"The physician is nature's assistant." Galen, 2nd century AD
Depression has come more and more to the forefront in health care in recent years. A great percentage of ailments that individuals present to their doctors today seem to have some form of mental/emotional complication which can be perceived as depression. The millions of individuals suffering clinical or symptomatic depression can experience great benefit from some specific attention to their own health as well as guidance from a health professional who understands the basic tenets of natural medicine.
Natural medicine, including herbs, diet, and other non-invasive therapies, is particularly appropriate in treating the underlying causes and symptoms associated with depression. Unlike conventional, allopathic medicine, natural medicine works in a gradual manner, is humanly comprehensible and may even be considered to be ordinary-- like ordinary magic. Natural medicine is consistent with the rhythms of nature and how nature is organized. Historically, there has been a commitment in medicine to do no harm, and when you are using natural substances such as herbs and working at a gradual pace, the likelihood of doing harm is almost completely eliminated.
Underlying Causes and Symptoms of Depression: A Mirror Image
A fundamental principle of natural medicine is that physiology and psychology are intimately related. In examining the medical literature it is fascinating to note that the symptoms and causes of depression can often be interchanged. For example, some of the symptoms associated with depression include chronic fatigue syndrome, insomnia, excessive sleep, loss of appetite, excessive appetite, headaches, backaches, joint aches, bowel disorders, as well as feelings of worthlessness and inadequacy. On the other hand, the causes of depression read like a mirror image: tension, stress, chronic headaches, chronic stomach aches, bowel problems, chronic nutritional deficiencies, chronic allergies, chronic physical disorder, poor diet, excessive sugar and caffeine intake, endocrine disorder such as hypothyroidism, endometriosis, lack of sun exposure, and assaults from the environment such as toxic metals.
In effectively dealing with the underlying causes and symptoms of depression, I have found that it is important to discover the individual's weakest physical link. The weakness may be a nutritional problem, undiagnosed hypothyroidism, chronic yeast or viral infection, intestinal parasites, seasonal affective disorder (SAD), or something as basic as dehydration (often seen in professional athletes) or lack of potassium. I try to determine these potential problems before prescribing dietary changes, exercise, nutritional supplements, homeopathy and/or specific herbs or herbal combinations for treating depression or its associated symptoms. The following are some examples of common causes I have observed to be underlying my patients' depression.
Hypothyroidism, for example, often has numerous associated mental symptoms. Patients suffering from hypothyroidism very often feel like they cannot cope, life is simply too much, and find themselves withdrawing from the world. Typically, patients experience a tremendous mental shift after appropriate treatment for hypothyroidism.
To test yourself at home for an underactive thyroid, keep a thermometer by your bed at night. In the morning, when you wake, immediately place the thermometer under your arm and hold it there for fifteen minutes. This may seem like an eternity but it is important to be still. Any motion may give a false reading. Do this for five consecutive days. If the reading is consistently 97.6 degrees Fahrenheit or lower you may have an underactive thyroid and you should consult with your physician.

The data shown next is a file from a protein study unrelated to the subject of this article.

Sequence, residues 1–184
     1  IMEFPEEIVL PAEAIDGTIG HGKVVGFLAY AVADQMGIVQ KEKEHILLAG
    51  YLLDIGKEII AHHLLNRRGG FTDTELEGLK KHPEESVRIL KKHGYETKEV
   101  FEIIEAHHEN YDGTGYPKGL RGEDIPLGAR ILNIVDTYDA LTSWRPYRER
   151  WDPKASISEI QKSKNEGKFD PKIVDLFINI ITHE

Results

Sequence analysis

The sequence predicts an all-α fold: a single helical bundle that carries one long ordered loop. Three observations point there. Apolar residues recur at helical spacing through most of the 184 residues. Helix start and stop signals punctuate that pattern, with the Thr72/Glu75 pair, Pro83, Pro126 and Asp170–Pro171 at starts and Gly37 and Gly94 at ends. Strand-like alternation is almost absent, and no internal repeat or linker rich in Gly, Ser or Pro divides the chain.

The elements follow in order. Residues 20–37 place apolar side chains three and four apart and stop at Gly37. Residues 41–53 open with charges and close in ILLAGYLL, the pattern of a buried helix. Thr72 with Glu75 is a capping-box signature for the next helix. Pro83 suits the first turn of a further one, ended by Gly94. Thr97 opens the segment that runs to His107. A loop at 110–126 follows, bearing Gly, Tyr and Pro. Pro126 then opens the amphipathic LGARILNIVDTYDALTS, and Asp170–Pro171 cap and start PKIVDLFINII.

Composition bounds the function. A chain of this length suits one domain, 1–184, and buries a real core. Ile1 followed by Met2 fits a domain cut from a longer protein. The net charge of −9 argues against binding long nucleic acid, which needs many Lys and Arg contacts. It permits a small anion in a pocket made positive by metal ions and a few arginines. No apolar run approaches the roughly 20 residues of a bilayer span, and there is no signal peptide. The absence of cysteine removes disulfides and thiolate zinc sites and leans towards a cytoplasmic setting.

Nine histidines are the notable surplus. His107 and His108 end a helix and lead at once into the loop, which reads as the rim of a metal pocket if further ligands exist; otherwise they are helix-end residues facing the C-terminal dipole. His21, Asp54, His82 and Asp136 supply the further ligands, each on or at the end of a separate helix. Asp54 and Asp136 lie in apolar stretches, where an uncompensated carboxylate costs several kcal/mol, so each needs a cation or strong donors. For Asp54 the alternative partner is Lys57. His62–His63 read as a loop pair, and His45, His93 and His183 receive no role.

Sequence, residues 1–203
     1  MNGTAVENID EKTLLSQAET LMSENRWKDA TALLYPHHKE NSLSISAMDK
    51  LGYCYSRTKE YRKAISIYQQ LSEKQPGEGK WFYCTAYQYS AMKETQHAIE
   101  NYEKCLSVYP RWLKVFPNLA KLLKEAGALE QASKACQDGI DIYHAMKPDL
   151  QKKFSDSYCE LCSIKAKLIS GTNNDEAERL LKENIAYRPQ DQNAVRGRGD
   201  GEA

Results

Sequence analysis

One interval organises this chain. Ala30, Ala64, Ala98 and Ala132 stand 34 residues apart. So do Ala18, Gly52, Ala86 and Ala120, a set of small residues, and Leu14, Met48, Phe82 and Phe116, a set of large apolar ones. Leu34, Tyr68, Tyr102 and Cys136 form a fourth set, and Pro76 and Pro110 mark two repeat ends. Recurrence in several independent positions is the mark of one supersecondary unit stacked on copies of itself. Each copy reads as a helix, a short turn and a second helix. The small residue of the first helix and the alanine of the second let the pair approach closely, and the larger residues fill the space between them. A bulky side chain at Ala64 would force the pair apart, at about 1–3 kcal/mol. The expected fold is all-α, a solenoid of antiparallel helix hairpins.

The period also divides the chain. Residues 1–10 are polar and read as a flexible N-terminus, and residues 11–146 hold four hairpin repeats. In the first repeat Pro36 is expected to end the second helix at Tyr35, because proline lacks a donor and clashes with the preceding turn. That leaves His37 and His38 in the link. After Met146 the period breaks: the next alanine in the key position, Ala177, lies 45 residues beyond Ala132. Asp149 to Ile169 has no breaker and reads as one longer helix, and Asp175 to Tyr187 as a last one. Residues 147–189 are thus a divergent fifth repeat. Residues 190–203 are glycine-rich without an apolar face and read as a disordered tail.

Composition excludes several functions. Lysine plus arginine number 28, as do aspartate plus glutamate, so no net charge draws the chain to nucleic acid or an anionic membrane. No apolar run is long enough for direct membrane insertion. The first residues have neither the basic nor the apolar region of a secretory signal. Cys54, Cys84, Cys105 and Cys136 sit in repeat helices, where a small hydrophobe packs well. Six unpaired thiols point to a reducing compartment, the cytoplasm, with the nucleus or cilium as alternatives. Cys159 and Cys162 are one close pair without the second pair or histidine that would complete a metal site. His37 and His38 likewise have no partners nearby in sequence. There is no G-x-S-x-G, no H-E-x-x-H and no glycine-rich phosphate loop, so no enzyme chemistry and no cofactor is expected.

There are certain nutrients, which are used to enhance thyroid activity. Kelp, seaweed, which contains iodine, is often useful in supplementing thyroid function. L-tyrosine, an amino acid, is also effective in stimulating proper thyroid function and fighting depression associated with depressed thyroid function. A naturally oriented health care practitioner may also prescribe a thyroid glandular. The B vitamins are also very important to improve energy and assure proper glandular function.
Adaptogenic herbs, specifically Eleutherococcus senticosus, better known as Siberian ginseng may also be considered in cases of hypothyroidism. This herb helps to regulate the entire endocrine system, including the thyroid and adrenal function.
As for dietary considerations, sufficient protein is necessary for hypothyroidism. Raw cruciferous vegetables, such as: broccoli, cabbage, kale may suppress thyroid function. These vegetables in their cooked state are not problematic but should only be used in small amounts in their raw state.
Our diet also has a tremendous impact on our moods. Since the dawn of civilization people have used food to alter their mood. Alcohol, sugar and stimulants such as coffee have been utilized for this purpose. Until recently scientists were not convinced of the effect of food upon mood, but in the last ten years they have finally acknowledged that food can affect how you feel, think and act. I find that poor dietary habits are not the exception but the rule among my depressed patients. Most people suffering from depression usually have marginal nutritional deficiencies associated with changes in mood and even altered brain waves, including deficiencies in B vitamins, selenium, potassium and amino acids. Memory loss, confusion, depression, irritability, and anxiety have all been linked to dietary indiscretion.
Potassium deficiency, in particular, is another common cause of depression. Women who are particularly low in potassium can have acute episodes of depression accompanied by fits of crying with no seeming cause. One woman who came into see me began crying within sixty seconds although we were not discussing anything particularly emotional. When I asked her what was wrong, she said, "I don't know. All of a sudden I just start crying." I gave her an old naturopathic remedy, apple cider vinegar, honey and water, and within a few sips, she started calming down and feeling better. She took that simple formula with her meals for a month or so and the crying stopped.